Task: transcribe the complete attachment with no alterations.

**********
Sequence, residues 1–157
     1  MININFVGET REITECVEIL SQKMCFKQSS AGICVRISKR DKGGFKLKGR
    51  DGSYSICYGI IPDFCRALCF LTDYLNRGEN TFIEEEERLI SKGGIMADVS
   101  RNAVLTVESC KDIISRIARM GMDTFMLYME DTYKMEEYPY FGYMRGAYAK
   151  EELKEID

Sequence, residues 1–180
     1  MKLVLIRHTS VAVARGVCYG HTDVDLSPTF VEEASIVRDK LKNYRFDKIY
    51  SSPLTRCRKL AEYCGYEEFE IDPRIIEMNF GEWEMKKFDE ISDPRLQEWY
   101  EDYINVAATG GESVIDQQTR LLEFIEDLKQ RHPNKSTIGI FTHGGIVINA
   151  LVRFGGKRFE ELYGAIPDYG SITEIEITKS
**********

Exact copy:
Sequence, residues 1–157
     1  MININFVGET REITECVEIL SQKMCFKQSS AGICVRISKR DKGGFKLKGR
    51  DGSYSICYGI IPDFCRALCF LTDYLNRGEN TFIEEEERLI SKGGIMADVS
   101  RNAVLTVESC KDIISRIARM GMDTFMLYME DTYKMEEYPY FGYMRGAYAK
   151  EELKEID

Sequence, residues 1–180
     1  MKLVLIRHTS VAVARGVCYG HTDVDLSPTF VEEASIVRDK LKNYRFDKIY
    51  SSPLTRCRKL AEYCGYEEFE IDPRIIEMNF GEWEMKKFDE ISDPRLQEWY
   101  EDYINVAATG GESVIDQQTR LLEFIEDLKQ RHPNKSTIGI FTHGGIVINA
   151  LVRFGGKRFE ELYGAIPDYG SITEIEITKS